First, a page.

[AJC will commemorate the 50th Anniversary of Nostra Aetate at the AJC Global Forum’s Opening Plenary on Sunday, June 7, at 5:30 PM. Sign up to watch the webcast live.]
As we confront the venom and violence of anti-Semitism emanating from the far left, the far right, and, most threateningly, radical Islam, we must acknowledge that the top Catholic leadership is neither complicit nor silent. In the spirit of Nostra Aetate, Pope Francis has repeatedly denounced anti-Semitism, calling it a sin and reminding Christians of their religion’s Jewish roots. If all religious leaders followed his example, extremists would not have the power to dominate the discourse.
In the wake of the Shoah and considerable Christian self-reflection on religiously-motivated, millennia-old anti-Jewish hatred, Pope John XXIII—who had saved Jews during the Holocaust—called for a different path in Catholic understanding of Jews and Judaism. He did not live to see either the fruits of his inspiration or the final and dramatic product, Nostra Aetate. The document rejects collective Jewish guilt for the death of Jesus, and the depiction of Jews as forever accursed. Nostra Aetate decries anti-Semitism, affirms the eternal covenant of God with the Jewish people, and reminds Christians of Jesus’s Jewishness.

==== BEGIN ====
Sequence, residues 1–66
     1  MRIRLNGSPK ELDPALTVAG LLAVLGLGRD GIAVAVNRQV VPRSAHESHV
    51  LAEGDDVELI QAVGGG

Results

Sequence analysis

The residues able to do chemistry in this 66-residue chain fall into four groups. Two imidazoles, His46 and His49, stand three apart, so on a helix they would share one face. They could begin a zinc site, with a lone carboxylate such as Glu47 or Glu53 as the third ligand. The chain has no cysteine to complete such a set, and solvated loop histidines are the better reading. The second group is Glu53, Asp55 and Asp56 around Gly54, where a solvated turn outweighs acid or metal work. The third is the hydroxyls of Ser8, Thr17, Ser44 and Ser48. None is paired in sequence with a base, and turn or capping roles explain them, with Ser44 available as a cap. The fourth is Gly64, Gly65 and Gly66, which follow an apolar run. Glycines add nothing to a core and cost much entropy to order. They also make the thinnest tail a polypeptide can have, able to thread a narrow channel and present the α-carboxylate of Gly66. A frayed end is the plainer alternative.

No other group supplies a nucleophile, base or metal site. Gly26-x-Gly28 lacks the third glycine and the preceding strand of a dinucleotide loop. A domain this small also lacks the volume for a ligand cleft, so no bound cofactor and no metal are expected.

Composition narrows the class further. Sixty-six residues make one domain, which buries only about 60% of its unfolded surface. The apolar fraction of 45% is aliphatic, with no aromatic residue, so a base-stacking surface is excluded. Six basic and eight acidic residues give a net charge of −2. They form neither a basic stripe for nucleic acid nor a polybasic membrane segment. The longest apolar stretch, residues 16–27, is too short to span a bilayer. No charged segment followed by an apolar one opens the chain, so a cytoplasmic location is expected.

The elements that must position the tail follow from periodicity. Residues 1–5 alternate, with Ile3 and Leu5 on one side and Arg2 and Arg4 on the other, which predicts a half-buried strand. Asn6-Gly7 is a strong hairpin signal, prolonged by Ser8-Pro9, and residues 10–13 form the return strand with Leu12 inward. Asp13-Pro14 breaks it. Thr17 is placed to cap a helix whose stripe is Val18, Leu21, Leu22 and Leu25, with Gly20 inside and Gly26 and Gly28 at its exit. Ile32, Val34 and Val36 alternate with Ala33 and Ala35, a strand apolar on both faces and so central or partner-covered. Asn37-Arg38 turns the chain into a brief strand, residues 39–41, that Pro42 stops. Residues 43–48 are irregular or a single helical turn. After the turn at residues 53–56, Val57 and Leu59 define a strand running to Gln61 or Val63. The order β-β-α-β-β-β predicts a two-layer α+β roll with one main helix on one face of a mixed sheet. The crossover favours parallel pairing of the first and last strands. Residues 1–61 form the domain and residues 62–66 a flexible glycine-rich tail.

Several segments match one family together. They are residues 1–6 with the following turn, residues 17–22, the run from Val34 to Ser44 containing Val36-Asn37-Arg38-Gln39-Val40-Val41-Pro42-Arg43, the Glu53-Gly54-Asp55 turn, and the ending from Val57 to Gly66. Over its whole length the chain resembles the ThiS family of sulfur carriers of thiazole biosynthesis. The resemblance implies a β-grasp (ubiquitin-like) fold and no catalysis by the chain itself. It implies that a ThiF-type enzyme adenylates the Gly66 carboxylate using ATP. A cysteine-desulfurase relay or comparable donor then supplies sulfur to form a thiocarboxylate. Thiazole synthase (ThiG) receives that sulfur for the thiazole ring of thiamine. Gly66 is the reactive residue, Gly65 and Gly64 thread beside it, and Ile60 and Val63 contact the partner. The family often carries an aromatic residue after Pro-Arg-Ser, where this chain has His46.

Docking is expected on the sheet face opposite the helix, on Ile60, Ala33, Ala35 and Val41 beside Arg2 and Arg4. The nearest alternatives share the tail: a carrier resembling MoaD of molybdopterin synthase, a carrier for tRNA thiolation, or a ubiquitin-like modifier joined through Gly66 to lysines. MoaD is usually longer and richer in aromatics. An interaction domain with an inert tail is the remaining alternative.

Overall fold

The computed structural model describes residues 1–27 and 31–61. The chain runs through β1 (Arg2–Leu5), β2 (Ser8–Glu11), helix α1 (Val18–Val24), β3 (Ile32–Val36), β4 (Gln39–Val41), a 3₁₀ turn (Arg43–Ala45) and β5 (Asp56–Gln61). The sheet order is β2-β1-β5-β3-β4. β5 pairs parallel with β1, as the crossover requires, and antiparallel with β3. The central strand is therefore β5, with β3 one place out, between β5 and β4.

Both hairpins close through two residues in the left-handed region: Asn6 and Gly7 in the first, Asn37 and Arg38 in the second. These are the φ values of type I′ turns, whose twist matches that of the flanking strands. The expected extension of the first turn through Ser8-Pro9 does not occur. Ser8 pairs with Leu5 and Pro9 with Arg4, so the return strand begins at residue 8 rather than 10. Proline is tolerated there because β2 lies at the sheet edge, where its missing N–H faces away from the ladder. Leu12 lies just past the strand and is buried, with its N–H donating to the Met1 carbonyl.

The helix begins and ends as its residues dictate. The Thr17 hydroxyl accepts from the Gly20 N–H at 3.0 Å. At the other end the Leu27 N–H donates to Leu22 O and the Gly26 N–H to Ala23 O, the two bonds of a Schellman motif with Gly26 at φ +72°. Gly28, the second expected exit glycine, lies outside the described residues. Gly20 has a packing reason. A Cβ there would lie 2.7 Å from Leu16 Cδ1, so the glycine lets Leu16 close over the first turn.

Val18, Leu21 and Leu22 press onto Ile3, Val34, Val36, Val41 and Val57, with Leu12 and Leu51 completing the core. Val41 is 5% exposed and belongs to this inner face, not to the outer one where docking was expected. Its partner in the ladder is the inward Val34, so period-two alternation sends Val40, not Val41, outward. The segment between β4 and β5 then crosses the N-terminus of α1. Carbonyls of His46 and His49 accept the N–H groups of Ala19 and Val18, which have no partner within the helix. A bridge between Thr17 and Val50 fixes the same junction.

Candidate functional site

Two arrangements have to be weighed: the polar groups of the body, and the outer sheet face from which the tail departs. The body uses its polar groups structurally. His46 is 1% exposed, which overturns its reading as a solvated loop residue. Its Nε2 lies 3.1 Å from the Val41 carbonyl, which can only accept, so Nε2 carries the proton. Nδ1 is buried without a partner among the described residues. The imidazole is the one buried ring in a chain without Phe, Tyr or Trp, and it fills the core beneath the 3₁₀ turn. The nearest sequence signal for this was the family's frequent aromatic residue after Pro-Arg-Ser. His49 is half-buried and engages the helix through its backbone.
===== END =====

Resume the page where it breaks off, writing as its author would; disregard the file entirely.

But had Nostra Aetate just been left on the shelf, it would not have had its transformative influence. Instead, with the active help of AJC-sponsored studies and conferences, it became the gold standard for other Christian denominations as they too addressed and corrected their respective histories of anti-Semitism and supersessionist ideologies in which Christians had replaced Jews as the “new Israel.” The Catholic Church produced guidelines and created structures for the practical implementation of Nostra Aetate. Above all, it was the power of papal gestures by Popes John Paul II, Benedict XVI, and Francis, that transmitted a message to the world of respect and admiration for Judaism and the Jewish people. These powerful visuals have included unprecedented visits to synagogues, pilgrimages to Holocaust commemorative sites, and state visits to Israel. It was John Paul II who established diplomatic relations between the Holy See and Israel in 1993, connecting the revolution in Catholic-Jewish relations to the central reality and focus of modern Judaism, the State of Israel and the return of millions of Jews to their ancestral homeland.